Will our thoughts soon be on technology companies’ servers?

Will our thoughts soon be on technology companies’ servers?

Image: Thanks to the “digital bridge” between the brain and spinal cord, a previously paralyzed man can walk again.

Ideas are free, who can guess? It sounds like a famous German song. But the idea that no one can guess your thoughts is slowly but surely crumbling. People with paralysis have been able to control their thoughts with prosthetics or computers for several years now, and they are becoming increasingly successful. Get a cup and drink yourself, move independently with a walker, and even communicate if you can no longer talk: the results are there. Current brain-computer interfaces read brain activity via a chip in the brain and then send commands to a computer or prosthetic. Nowadays, mind reading is possible without that chip. Just last month, scientists were able to find out what people think about the use of brain scans. They had to think of certain words in an fMRI scanner. The AI ​​was then presented with the scans, after which it could reproduce the exact word from the list.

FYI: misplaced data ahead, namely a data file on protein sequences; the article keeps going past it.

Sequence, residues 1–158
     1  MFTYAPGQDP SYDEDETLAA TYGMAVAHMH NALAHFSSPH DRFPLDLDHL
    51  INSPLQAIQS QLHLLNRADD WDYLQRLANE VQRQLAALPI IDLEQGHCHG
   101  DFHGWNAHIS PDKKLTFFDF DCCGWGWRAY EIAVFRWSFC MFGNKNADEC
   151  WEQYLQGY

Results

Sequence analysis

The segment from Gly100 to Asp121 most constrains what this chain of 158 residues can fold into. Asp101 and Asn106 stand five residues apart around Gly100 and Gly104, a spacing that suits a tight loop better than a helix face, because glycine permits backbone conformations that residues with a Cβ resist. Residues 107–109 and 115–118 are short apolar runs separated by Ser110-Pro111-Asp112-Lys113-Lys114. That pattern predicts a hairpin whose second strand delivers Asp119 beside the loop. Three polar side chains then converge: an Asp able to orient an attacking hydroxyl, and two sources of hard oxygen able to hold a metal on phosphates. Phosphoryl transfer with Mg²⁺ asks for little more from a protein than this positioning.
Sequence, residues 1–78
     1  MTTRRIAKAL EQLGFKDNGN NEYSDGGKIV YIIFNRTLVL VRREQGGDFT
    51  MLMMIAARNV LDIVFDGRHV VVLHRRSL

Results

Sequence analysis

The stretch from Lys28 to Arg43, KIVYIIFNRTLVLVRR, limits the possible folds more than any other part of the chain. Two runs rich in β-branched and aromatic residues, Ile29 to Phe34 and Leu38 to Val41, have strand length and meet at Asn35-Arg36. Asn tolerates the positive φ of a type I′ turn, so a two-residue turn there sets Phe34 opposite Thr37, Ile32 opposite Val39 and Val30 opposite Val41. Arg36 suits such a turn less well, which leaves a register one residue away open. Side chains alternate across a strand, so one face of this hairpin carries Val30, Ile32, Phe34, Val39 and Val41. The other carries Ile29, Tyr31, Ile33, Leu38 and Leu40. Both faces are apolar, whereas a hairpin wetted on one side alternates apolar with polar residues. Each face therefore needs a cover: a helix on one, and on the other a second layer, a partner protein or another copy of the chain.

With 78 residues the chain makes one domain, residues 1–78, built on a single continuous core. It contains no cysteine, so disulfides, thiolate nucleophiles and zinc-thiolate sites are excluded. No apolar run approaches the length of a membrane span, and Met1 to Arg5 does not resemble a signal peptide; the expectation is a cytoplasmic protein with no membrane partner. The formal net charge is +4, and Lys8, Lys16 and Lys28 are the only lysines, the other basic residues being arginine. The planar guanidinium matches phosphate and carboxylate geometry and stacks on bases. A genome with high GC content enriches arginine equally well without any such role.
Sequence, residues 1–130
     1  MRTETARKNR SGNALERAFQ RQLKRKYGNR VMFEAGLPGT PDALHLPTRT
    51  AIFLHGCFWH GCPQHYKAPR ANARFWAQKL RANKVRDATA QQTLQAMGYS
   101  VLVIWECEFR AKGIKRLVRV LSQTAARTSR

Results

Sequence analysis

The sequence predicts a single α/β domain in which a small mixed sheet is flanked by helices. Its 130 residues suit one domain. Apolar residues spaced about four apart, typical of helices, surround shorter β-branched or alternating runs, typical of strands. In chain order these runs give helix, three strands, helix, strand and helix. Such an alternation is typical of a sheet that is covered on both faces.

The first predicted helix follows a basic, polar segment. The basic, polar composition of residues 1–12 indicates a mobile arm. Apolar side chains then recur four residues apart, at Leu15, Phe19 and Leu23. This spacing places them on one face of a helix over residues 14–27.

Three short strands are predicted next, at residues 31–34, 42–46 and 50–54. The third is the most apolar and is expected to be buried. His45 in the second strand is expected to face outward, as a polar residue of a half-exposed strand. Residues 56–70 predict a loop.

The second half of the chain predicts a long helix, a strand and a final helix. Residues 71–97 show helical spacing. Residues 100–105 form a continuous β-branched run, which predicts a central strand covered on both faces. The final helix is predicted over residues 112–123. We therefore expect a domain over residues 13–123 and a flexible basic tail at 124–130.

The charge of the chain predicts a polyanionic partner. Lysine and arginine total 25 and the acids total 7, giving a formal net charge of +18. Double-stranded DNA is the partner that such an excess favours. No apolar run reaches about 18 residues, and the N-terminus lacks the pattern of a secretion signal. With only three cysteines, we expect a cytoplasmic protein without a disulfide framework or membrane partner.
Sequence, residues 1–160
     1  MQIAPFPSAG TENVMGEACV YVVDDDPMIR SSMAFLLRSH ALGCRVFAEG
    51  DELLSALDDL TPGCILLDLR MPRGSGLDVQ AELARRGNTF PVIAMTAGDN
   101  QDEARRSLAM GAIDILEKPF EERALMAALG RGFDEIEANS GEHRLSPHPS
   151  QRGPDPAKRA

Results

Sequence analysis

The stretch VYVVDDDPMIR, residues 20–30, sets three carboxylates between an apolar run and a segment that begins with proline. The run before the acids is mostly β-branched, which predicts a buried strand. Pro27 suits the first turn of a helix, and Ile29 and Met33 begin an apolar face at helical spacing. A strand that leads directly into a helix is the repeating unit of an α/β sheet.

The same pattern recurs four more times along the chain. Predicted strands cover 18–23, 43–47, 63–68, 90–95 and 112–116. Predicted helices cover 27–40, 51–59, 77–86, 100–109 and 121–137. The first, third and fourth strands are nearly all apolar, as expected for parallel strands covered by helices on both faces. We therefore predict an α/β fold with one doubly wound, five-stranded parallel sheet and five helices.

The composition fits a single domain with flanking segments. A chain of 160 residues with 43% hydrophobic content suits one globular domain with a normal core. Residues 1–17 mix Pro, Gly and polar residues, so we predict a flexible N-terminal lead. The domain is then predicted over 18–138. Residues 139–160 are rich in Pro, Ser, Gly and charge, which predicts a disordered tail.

Meanwhile, Elon Musk dreams of smartphones in which we will control our thoughts. At the beginning of this year, his company Neuralink implanted a chip in a human brain for the first time. This person can now play chess online with his thoughts. Other companies are investing millions in developing wearable neurotechnology that can read brain waves and modify them, for example, to sleep better or improve our mood.

While many of the developments in mind-reading research are welcome, there is also something strange and frightening about them. Tomorrow, will the Googlers and Metas of this world not only know what I do online, but also track my thoughts on their servers, then sell them to advertisers? Or perhaps more seriously, what if the government wants to read my mind?

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In the New edition of EOS Self and Brain You can read how far technology has come, what the future might hold and what the potential risks are. New technology is usually developed to achieve the noblest purposes. Who wouldn’t want caged patients to be able to communicate again or paralyzed people to be able to walk again? But we cannot be blind to the risks. For example, Chile has already included “neurorights” – the protection of brain activity – in its constitution. Other countries are considering following suit. Everyone has the right to privacy, and this is especially true when it comes to our unspoken thoughts, ideas, and feelings. So that ideas remain free.

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